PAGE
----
Best short history of trade agreements I've read
If you were looking to read something today that was a news-related 800-word very nicely written piece of history, may I suggest that you go read Joshua Holland's entry from his Hong Kong dispatches, "WTO, Where Did You Come From?" (scroll down). In five minutes you'll be up to date on the WTO.
And while I'm doing recommended reading, here's a piece that gets into torture by Mark Ames: "Baseball, Apple Pie and Torture: The American Way." It was written around the time of the Abu Ghraib scandal, but it's quite relevant.
What's frustrating is that Rumsfeld, as vile as he is, was merely carrying out the wishes of the American people. Are there really Americans out there who are surprised and horrified to learn that we torture Iraqi prisoners? Well, duh!
In the first place, torture is standard practice in American prisons.
But more importantly, Americans actually WANTED torture. They DEMANDED it!
In a poll taken by the Christian Science Monitor in mid-November, 2001, one-third of Americans admitted that they were in favor of torturing suspects. In a Fox News poll on the eve of the invasion of Iraq last year, 42 percent supported torture! And you have to remember, these poll numbers grossly understated the actual support, given an American's squeamishness to admit his or her torture fantasies over the phone to a stranger. It's like how far-right candidates always poll far lower than the votes they actually take in European elections.
And then there are the two-faced torture pundits who now are just as "shocked" and "horrified" as Bush and Rumsfeld. In the November 5, 2001 issue of Newsweek, allegedly "liberal" columnist Jonathan Alter wrote a column called "Time To Think About Torture." Yep, you read that headline right. The lead started insanely enough:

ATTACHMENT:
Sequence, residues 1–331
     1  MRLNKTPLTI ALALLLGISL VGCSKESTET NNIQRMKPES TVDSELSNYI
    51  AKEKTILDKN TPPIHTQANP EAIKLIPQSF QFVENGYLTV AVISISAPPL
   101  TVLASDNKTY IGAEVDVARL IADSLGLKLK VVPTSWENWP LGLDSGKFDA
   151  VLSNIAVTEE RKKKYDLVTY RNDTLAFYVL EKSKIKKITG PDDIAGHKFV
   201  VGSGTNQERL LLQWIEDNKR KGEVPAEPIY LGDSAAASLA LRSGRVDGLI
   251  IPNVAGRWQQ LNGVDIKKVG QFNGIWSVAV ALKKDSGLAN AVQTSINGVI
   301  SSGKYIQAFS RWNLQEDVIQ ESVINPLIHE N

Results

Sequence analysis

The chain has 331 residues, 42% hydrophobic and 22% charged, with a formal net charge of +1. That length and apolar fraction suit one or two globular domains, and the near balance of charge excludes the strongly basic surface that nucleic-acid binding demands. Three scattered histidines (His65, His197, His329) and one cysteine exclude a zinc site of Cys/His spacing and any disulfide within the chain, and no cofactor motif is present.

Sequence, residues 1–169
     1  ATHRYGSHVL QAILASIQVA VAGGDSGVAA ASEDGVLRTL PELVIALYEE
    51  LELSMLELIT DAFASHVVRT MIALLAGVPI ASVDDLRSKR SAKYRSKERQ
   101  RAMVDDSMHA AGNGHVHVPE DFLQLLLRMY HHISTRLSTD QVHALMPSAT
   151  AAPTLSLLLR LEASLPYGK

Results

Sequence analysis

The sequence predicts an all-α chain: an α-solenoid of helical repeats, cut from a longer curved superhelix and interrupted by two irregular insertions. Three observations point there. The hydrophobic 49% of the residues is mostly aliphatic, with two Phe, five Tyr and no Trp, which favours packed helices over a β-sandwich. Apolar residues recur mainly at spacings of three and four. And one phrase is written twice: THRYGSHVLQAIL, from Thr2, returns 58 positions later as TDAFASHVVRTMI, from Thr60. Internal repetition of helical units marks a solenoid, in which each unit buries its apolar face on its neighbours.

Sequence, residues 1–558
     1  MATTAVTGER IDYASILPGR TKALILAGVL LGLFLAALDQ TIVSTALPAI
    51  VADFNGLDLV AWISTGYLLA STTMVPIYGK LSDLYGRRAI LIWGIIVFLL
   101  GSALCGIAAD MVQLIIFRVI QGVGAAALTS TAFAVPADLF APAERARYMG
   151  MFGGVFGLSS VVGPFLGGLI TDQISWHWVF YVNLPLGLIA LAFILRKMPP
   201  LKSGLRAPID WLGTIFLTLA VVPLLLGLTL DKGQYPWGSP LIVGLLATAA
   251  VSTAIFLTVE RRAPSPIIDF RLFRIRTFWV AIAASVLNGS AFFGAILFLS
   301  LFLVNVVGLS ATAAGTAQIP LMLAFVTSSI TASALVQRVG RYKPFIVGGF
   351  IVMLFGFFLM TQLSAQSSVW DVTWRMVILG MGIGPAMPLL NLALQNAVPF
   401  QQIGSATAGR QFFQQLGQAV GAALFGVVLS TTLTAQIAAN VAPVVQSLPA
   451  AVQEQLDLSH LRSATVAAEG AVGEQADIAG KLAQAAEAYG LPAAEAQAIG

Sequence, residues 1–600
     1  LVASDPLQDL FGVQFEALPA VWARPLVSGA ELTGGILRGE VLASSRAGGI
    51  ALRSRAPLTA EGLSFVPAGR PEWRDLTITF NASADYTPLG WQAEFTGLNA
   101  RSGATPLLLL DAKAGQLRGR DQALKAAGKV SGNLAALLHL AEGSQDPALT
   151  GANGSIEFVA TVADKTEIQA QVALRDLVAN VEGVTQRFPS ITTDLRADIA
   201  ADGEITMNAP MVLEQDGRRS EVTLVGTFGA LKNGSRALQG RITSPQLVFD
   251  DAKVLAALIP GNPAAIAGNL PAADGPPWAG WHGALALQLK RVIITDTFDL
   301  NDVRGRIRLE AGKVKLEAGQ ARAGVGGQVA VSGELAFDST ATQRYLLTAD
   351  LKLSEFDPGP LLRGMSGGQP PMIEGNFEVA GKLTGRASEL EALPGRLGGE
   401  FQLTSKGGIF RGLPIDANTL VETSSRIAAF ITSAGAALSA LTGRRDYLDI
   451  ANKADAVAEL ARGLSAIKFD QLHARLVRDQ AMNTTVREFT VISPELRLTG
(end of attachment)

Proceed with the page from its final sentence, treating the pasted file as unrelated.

In this autumn of anger, even a liberal can find his thoughts turning to ... torture. OK, not cattle prods or rubber hoses, at least not here in the United States, but something to jump-start the stalled investigation of the greatest crime in American history. Right now, four key hijacking suspects aren't talking at all."
The four suspects that Alter wanted to have tortured -- Zacarias Moussaoui, Mohammed Jaweed Azmath, Ayub Ali Khan and Nabil Almarabh -- were all later found to have nothing to do with the 9-11 terrorist attacks (well, they still haven't given up on Moussaoui, but the government has changed its tune so many times on his alleged role that whatever they eventually juice him for is irrelevant at this point). But that didn't stop Alter and a mob of other American commentators from calling for torture. I want to repeat that: Jonathan Alter and others, backed by at least a third, but I would bet two-thirds of the country, actually demanded that the FBI torture four innocent suspects.